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Columbia Journal of Transnational Law


globalization, jurisprudence, economic markets, internet, feminism, race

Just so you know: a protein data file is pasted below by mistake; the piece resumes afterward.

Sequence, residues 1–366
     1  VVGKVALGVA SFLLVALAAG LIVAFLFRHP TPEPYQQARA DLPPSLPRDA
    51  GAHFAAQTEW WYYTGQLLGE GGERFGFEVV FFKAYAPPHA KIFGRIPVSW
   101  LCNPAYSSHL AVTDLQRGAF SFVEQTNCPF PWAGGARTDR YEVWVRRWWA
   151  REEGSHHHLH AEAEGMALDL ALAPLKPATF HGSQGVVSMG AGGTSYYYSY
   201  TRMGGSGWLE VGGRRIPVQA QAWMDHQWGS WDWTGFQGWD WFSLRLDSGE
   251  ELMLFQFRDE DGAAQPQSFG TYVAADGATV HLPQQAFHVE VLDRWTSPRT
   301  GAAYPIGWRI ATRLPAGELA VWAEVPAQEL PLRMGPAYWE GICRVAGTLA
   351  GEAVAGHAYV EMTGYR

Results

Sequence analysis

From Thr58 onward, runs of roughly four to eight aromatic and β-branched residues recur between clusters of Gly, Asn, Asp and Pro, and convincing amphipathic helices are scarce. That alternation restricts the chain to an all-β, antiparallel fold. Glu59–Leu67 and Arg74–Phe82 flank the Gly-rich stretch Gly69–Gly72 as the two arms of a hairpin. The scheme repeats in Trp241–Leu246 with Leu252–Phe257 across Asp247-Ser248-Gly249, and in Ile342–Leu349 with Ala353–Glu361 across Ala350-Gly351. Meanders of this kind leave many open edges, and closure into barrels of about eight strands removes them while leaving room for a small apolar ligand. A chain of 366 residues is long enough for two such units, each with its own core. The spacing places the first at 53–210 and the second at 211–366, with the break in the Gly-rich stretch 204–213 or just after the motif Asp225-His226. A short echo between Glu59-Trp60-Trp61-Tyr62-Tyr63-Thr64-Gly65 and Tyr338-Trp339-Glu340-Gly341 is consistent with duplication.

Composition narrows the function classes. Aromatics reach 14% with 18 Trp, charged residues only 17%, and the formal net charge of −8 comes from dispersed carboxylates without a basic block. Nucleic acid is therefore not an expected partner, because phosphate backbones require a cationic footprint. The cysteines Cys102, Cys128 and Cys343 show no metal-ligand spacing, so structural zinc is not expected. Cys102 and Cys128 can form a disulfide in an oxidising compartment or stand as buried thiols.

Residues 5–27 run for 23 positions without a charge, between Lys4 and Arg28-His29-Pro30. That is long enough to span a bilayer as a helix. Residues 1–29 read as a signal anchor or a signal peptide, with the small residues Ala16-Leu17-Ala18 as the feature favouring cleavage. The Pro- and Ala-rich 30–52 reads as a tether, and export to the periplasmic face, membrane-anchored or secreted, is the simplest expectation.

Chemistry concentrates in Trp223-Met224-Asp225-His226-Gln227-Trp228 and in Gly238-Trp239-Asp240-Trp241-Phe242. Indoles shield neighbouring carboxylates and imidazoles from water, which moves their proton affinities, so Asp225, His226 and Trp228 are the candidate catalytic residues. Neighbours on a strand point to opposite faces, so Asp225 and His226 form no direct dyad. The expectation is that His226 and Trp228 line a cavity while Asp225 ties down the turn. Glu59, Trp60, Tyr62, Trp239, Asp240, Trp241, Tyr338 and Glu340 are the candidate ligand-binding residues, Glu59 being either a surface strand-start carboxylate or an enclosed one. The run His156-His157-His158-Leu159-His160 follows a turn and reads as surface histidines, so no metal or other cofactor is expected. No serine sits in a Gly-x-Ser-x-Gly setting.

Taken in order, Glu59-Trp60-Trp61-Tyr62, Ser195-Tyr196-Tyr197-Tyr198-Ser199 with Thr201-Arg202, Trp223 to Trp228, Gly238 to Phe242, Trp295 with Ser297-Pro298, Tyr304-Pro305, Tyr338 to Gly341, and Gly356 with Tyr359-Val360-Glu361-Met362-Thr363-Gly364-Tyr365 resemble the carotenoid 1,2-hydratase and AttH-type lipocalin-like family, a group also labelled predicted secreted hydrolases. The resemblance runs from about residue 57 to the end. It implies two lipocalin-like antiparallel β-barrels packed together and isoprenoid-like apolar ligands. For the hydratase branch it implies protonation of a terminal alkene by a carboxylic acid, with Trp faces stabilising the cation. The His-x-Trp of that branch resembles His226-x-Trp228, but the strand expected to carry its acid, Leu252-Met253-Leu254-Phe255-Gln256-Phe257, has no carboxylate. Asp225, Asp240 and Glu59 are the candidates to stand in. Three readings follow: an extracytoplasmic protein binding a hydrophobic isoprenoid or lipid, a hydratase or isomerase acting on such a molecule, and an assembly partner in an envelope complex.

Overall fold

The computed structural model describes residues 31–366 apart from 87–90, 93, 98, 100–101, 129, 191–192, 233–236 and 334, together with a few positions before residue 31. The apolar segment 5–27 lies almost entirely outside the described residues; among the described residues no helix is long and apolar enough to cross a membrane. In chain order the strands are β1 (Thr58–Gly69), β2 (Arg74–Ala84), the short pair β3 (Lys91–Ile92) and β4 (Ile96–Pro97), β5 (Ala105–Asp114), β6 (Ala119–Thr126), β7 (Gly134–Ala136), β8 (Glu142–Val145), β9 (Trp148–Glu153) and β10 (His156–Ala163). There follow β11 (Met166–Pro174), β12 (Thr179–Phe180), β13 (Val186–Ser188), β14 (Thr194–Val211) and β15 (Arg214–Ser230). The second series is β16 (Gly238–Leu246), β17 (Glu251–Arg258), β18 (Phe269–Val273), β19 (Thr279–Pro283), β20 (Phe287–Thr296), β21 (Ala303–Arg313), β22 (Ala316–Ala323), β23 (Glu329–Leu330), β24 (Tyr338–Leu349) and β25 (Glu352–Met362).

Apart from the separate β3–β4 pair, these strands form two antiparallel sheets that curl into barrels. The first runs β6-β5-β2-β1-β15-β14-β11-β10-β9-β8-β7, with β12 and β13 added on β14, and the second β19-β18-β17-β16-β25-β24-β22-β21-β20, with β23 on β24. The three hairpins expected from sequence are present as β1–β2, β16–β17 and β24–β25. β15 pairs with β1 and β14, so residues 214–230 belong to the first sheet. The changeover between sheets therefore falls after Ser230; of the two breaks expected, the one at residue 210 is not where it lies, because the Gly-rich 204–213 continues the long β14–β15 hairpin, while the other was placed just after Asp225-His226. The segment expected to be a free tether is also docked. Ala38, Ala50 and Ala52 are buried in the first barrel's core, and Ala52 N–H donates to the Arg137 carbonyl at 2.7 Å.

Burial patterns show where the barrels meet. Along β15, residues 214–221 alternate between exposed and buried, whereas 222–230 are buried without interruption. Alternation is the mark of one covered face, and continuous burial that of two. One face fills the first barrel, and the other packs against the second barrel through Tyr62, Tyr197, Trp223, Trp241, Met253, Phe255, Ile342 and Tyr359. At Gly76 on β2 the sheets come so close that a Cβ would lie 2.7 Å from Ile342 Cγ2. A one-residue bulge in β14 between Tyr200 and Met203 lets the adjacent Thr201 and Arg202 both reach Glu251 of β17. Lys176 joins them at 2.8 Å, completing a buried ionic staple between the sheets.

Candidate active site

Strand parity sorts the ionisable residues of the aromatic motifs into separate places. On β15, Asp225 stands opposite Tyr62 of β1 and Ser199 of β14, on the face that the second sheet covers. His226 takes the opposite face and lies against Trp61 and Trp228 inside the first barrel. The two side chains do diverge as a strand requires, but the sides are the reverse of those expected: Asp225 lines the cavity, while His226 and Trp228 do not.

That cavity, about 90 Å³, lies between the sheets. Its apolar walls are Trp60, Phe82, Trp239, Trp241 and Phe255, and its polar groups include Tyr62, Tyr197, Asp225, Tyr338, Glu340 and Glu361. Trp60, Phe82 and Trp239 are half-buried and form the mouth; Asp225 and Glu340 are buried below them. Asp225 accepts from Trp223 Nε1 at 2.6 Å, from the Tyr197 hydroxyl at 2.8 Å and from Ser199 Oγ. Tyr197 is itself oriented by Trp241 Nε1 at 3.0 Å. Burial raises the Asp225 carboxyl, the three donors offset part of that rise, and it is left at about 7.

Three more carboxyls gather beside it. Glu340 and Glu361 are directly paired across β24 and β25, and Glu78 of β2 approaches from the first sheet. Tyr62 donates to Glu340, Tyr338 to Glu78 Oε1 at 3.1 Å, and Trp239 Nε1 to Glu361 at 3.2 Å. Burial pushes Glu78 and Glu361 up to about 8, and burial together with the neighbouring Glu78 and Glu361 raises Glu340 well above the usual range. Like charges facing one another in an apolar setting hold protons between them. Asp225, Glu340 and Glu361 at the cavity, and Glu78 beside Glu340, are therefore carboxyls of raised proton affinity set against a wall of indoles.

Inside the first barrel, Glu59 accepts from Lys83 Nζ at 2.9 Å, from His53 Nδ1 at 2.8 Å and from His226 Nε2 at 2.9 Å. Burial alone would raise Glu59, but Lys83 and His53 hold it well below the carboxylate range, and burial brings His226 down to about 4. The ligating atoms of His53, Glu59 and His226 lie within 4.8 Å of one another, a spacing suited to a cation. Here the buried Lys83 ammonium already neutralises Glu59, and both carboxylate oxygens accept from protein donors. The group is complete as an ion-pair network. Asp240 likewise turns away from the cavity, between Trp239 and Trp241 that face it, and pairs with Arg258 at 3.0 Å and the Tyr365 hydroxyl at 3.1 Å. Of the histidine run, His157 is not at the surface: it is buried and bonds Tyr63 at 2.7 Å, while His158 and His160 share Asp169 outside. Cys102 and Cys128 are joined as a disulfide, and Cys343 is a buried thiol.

Part II provides an account of the jurisprudence of Globalization and Legal Theory. Due to the novelty of many of the issues discussed in the book, as well as their importance to the understanding of Twining's recommendations, I have provided a longer than usual account of several chapters. Part II touches upon one of the central jurisprudential dichotomies introduced by Twining—the distinction between general and particular jurisprudence. Twining compares different accounts of the distinction using pairs of canonical jurists. In particular, he compares H.L.A Hart's Postscript with Dworkin's Law's Empire. In this part, I juxtapose Twining's record of this exchange with seemingly conflicting accounts provided by other commentators and suggest resolving the apparent conflict. Part IV brings to the fore the concept of general jurisprudence in the age of globalization. Placed in that context, I will suggest that a new general jurisprudence should respond to the challenges posed by globalization. I first identify the driving forces behind globalization, mainly new economic markets, the Internet, and the trend towards democracy. Then, I suggest that some of the current American schools of thought may respond to these very phenomena. Economic analysis of law, feminism, and critical race studies may all have something interesting to say on globalization. My last step is to propose that a transnational version of these theories should form the main body of a new global jurisprudence.